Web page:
Exercise Index

Agility Ladder – (This is one of my favourites) Spread out the agility ladder and perform various exercises stepping in and out of the ladder. E.g Shuffling, high knees, step in/outs, Grapevines, etc.

Ankle flicks – Also known as butt kicks, basically kick your feet back as if you are trying to kick your own butt.

Back rolls – Lie on your back on a mat, keeping your shoulders/neck on the mat bring your legs all the way over yourself so your lower body rolls over to touch the floor above your head. Alternate sides.

Body weight Squats – Squat down so that your legs are bent less than 90 degrees, keep your head up, back straight and glutes engaged. You can swing your arms up as you squat or cross your arms touching your opposite shoulders.

Cross trainer – Moderately perform exercise on the cross trainer for about 5 minutes

Dynamic Joint rotations – Rotating part of the body at the joint to loosen up, warm up the joint and build muscle elasticity.  E.g Arm swings, Open/close gates (Thighs), Upper body twists

Dynamic joint rotations using wooden pole or a light barbell – The same as normal joint rotations except they are done differently whilst holding a very wide grip with a long wooden pole or a barbell.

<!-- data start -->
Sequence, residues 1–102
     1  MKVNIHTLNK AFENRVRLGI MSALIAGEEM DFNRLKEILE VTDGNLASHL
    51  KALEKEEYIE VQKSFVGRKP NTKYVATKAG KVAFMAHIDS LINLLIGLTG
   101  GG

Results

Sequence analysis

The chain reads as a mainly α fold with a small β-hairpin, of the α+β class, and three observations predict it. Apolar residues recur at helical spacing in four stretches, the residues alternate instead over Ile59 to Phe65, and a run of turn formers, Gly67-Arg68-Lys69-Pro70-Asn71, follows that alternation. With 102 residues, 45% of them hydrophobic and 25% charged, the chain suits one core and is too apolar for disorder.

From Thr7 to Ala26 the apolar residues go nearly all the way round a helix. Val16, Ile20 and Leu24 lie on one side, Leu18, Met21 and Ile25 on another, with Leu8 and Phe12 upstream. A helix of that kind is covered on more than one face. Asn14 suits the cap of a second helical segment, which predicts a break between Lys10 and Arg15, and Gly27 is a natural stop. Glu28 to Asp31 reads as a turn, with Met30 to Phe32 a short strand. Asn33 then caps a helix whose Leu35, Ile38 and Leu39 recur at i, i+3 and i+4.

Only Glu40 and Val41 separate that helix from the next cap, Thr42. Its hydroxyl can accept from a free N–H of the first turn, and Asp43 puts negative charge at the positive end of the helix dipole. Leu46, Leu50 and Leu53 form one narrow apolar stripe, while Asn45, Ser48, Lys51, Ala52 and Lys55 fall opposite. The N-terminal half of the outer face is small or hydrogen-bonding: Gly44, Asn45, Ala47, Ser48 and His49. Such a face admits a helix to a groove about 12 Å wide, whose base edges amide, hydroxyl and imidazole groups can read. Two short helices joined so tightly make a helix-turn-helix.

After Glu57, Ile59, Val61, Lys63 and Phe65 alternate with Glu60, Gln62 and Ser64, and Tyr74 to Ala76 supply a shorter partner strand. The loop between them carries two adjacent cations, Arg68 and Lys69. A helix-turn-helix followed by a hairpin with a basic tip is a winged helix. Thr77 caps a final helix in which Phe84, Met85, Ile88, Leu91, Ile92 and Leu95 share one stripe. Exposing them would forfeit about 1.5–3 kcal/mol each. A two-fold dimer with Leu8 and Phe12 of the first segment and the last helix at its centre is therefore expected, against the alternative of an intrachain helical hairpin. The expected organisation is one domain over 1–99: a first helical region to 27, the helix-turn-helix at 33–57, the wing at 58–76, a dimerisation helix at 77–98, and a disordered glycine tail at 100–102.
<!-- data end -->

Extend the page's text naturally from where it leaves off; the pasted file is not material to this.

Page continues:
Grapevines – This can be tricky for some. Alternatively cross one leg over the other whilst moving sideways. Swing your arms and core into it also.

High Knees – Lift your legs up alternatively bringing each knee as high and close to the chest/abdomen as possible.

Plank – Hold a plank position for a minute or more. Contract your abs and make sure to lift up your hips so that they are level with your shoulders.

Plank with Shoulder tap – (Another of my favourites) Adopt the plank position again except this time bring your elbows alternatively off the floor and tap the opposite shoulder with the hand. This adds a little bit of rotational activation to your core.

Push Ups – Place your hands level with your chest on the floor, shoulder width apart and adopt a plank position with the rest of your body. Extend your arms and return to complete a push up.

Rowing – Jump on the rowing machine for 5 minutes, this uses several muscle groups and it one of my favourite warm up exercises.

Side stepping – With a stance wider than shoulder width, side step between two markers 2-3 metres apart, touching each marker. Keep knees slightly bent and take short strides without crossing your legs over.

Skipping (Jump rope) – This is a great warm up exercise, simply swing the role and jump/step over it for about 5 minutes.

Star Jumps – Jump and spread your arms and legs out wide to land, then reverse the action in the next jump.

Treadmill – Jog on the treadmill for 5 minutes. I also like to add an incline for extra pushing from my legs.

So there you go, that is my guide to warming up.  If you want to share your warming up tips with us tweet us @ActiveStudents